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Title: Integrating ion mobility spectrometry into mass spectrometry-based exposome measurements: what can it add and how far can it go?

Here, measuring the exposome remains a challenge due to the range and number of anthropogenic molecules that are encountered in our daily lives, as well as the complex systemic responses to these exposures. One option for improving the coverage, dynamic range and throughput of measurements is to incorporate ion mobility spectrometry (IMS) into current mass spectrometry (MS)-based analytical methods. In this perspective, we briefly review the state-of-the-art in measuring the exposome, and discuss the potential use for IMS-MS and the physico-chemical property of collisional cross section in both exposure assessment and molecular identification.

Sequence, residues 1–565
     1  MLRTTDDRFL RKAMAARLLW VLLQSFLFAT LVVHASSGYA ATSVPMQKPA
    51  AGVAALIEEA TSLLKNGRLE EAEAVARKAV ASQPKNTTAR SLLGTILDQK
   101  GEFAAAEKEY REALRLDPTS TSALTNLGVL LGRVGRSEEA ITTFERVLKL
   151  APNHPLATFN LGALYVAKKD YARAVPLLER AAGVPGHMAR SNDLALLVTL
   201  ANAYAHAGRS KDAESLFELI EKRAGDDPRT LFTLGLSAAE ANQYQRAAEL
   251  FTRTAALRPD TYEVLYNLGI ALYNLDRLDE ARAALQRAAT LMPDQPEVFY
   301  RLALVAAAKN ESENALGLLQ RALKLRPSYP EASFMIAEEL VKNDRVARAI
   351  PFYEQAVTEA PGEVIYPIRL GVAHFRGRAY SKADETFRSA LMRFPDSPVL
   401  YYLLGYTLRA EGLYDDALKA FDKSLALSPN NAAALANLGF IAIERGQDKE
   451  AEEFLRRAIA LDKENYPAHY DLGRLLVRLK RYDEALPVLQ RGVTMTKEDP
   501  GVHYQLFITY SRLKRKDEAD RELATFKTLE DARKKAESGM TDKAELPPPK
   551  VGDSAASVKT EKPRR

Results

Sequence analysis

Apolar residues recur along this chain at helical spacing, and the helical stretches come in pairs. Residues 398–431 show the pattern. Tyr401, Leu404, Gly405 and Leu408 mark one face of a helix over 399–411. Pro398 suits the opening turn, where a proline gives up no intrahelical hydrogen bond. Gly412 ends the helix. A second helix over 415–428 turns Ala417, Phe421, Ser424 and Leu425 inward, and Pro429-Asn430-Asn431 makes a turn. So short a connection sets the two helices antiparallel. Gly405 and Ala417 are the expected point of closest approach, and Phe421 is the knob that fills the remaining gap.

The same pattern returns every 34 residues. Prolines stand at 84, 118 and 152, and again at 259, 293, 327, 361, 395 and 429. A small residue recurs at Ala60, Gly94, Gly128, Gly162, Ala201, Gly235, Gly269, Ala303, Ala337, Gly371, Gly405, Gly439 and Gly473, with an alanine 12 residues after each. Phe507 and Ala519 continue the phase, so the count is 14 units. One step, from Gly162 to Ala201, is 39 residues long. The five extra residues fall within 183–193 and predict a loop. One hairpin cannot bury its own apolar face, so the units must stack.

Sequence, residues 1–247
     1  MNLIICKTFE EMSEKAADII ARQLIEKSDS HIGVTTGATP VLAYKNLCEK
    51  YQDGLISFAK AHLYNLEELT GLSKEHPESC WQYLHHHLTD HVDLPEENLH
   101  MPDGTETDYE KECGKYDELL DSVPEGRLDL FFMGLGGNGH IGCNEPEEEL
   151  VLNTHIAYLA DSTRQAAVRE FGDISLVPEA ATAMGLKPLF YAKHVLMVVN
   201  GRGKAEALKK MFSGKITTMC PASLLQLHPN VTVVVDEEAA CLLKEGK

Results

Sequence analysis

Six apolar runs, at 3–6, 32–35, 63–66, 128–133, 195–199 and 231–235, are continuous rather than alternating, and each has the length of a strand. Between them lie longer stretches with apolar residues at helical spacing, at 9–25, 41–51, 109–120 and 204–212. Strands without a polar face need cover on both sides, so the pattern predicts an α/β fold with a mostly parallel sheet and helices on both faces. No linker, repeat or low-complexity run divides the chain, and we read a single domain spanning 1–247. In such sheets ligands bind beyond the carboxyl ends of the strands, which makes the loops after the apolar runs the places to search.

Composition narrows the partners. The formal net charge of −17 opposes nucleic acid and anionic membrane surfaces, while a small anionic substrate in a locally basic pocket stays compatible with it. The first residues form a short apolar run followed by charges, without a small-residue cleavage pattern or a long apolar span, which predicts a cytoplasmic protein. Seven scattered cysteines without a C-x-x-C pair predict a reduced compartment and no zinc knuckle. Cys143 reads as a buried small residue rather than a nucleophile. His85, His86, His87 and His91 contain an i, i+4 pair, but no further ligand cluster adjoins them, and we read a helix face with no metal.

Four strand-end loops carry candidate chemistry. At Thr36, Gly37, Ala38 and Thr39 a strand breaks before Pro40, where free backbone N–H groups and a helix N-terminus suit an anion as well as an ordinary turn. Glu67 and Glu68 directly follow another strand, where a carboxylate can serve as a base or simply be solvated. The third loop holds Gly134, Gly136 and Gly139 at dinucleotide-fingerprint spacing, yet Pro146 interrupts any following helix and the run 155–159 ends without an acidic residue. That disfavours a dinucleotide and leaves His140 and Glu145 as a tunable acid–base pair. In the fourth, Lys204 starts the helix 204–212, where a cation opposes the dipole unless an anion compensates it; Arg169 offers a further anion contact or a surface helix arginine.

Authors:
 [1] ;  [1] ;  [2] ;  [1] ;  [1] ;  [3] ;  [1] ;  [3] ;  [1] ;  [4]
  1. Pacific Northwest National Lab. (PNNL), Richland, WA (United States)
  2. Swiss Federal Institute of Aquatic Science & Technology, Dubendorf (Switzerland)
  3. Univ. of Natural Resources & Life Sciences (BOKU Vienna), Vienna (Austria)
  4. Pacific Northwest National Lab. (PNNL), Richland, WA (United States); Oregon State Univ., Corvallis, OR (United States)
Publication Date:
Report Number(s):
PNNL-SA-121158
Journal ID: ISSN 1757-6180; 48246
Grant/Contract Number:
AC05-76RL01830
Type:
Accepted Manuscript
Journal Name:
Bioanalysis
Additional Journal Information:
Journal Volume: 9; Journal Issue: 1; Journal ID: ISSN 1757-6180
Publisher:
Future Science Group
Research Org:
Pacific Northwest National Lab. (PNNL), Richland, WA (United States). Environmental Molecular Sciences Lab. (EMSL)
Sponsoring Org:
USDOE
Country of Publication:
United States
Language:
English
Subject:
37 INORGANIC, ORGANIC, PHYSICAL, AND ANALYTICAL CHEMISTRY; Environmental Molecular Sciences Laboratory; collision cross section; exposome; ion mobility spectrometry; mass spectrometry; metabolome
OSTI Identifier:
1342290